Risk factors associated with COVID-19 ICU admission or death in Argentina
A nationwide analysis of data from the first 6 months of the COVID-19 pandemic in Argentina has identified factors associated with increased risk of death or admission to an intensive care unit (ICU) due to the disease, including older age, male sex, coma, seizures, and underlying comorbidities. Daniel Schoenfeld of Centro Diagnostico San Jorge in Puerto Madryn, Argentina, and colleagues present these findings in the open-access journal PLOS ONE on February 11.
Argentina reported its first case of COVID-19 on March 3, 2020, and a national lockdown has been in place since March 20, 2020. As of January 10, 2021, a total of 1,714,409 cases and 44,417 deaths had been reported. However, few studies have examined the clinical characteristics of COVID-19 in Latin America.
To address that knowledge gap, Schoenfeld and colleagues examined COVID-19 patient characteristics and outcomes reported across Argentina in health records from March 3 to October 2, 2020. Out of over 700,000 total confirmed cases, 207,079 patients' health records contained enough follow-up information for analysis. Half of these patients were male, and 80.7 percent were younger than 60.
Most of the 207,079 COVID-19 patients had mild cases and favorable outcomes, but 5,652 were admitted to an ICU and 10,913 died. Increased risk of ICU admission or death was most strongly associated with underlying comorbidities, such as immunodeficiency, chronic renal failure, and liver disease. Other risk factors for ICU admission or death were older age, male sex, coma, dyspnea or tachypnea, and seizures.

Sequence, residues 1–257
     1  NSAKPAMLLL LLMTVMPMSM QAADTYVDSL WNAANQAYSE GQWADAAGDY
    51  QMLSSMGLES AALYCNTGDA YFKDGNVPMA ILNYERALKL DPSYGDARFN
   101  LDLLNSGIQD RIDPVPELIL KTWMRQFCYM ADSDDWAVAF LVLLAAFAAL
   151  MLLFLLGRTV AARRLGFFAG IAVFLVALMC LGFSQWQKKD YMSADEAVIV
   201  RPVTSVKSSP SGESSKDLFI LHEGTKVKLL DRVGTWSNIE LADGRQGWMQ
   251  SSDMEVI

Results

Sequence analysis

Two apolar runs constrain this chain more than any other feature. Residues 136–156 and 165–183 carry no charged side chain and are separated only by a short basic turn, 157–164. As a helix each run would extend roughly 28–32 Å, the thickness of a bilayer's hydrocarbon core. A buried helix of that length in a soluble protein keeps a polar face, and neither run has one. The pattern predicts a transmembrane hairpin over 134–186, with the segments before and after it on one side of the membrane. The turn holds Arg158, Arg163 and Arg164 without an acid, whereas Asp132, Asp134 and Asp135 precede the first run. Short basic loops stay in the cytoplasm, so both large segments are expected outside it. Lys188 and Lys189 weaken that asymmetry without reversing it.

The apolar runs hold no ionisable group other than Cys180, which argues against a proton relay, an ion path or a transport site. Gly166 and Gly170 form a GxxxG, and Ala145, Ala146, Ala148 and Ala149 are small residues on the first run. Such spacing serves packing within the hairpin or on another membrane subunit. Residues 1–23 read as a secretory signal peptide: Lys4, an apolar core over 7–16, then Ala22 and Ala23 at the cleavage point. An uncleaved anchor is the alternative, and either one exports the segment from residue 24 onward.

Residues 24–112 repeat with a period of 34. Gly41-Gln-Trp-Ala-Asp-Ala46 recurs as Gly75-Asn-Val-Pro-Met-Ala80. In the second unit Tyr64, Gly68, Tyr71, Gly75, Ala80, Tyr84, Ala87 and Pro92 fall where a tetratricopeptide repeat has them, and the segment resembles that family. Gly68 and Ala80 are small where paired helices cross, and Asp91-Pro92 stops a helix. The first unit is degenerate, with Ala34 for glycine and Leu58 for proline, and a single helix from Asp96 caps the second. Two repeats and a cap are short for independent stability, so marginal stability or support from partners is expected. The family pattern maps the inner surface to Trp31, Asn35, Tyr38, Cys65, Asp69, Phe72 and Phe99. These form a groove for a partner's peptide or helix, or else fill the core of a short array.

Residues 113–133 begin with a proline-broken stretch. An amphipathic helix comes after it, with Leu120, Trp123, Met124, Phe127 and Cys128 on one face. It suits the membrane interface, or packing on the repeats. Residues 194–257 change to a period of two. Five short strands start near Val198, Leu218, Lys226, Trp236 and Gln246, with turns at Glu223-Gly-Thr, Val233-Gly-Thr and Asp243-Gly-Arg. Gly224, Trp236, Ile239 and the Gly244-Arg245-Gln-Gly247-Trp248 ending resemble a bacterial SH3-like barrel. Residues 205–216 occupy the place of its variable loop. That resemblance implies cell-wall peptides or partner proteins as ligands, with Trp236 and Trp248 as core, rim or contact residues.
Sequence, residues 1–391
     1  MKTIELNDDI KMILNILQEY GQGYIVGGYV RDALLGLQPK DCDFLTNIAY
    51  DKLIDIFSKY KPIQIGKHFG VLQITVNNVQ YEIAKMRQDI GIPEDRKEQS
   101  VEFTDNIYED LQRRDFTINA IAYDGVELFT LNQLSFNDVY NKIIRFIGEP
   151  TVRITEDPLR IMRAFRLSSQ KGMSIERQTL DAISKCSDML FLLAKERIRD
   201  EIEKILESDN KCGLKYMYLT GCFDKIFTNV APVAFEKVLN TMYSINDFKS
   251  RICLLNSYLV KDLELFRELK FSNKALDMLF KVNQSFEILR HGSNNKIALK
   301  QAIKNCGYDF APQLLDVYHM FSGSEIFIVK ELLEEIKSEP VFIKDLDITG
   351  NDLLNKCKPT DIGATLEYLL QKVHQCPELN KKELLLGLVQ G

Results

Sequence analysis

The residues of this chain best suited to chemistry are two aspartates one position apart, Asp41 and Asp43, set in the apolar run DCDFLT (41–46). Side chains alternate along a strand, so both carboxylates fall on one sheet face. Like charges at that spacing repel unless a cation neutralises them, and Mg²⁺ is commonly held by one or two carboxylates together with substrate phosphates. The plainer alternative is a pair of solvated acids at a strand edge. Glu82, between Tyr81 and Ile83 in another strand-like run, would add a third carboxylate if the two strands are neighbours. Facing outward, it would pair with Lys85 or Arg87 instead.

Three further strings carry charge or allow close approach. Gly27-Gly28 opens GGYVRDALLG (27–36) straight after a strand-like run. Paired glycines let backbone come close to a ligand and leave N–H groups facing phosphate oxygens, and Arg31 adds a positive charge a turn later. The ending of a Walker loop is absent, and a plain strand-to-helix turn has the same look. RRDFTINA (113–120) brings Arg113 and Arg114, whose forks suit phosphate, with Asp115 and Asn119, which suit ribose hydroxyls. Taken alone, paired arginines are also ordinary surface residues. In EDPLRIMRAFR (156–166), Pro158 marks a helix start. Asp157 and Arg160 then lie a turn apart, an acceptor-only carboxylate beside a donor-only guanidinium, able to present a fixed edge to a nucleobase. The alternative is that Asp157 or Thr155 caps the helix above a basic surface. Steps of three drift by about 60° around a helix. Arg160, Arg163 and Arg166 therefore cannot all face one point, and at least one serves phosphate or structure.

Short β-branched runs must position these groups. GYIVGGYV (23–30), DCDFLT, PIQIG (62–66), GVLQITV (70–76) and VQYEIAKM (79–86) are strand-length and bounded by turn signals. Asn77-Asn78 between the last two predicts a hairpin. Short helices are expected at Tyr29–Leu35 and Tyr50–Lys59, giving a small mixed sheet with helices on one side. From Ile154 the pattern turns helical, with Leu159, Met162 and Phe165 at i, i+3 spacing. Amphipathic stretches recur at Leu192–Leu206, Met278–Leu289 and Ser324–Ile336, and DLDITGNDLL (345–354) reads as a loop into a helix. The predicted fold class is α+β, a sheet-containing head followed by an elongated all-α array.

The analysis also identified the most common initial symptoms experienced by the patients, including fever, cough, headache, and sore throat. Common co-existing conditions among the patients included hypertension, diabetes, asthma, and obesity.
This analysis was limited to positive cases with complete records, and there may be many additional cases of COVID-19 that were never officially registered. Still, the authors note, the new findings could help inform public health measures to optimize COVID-19 care in low-to-middle income and Latin American countries.
The authors add: "Our study of more than 200,000 people shows the risk of hospitalization in ICU and dying by age, sex and comorbidities in Argentina. Severe cases can be identified based on the predictors we described in the study, and may be useful for setting priorities in the Healthcare process and allocate resources."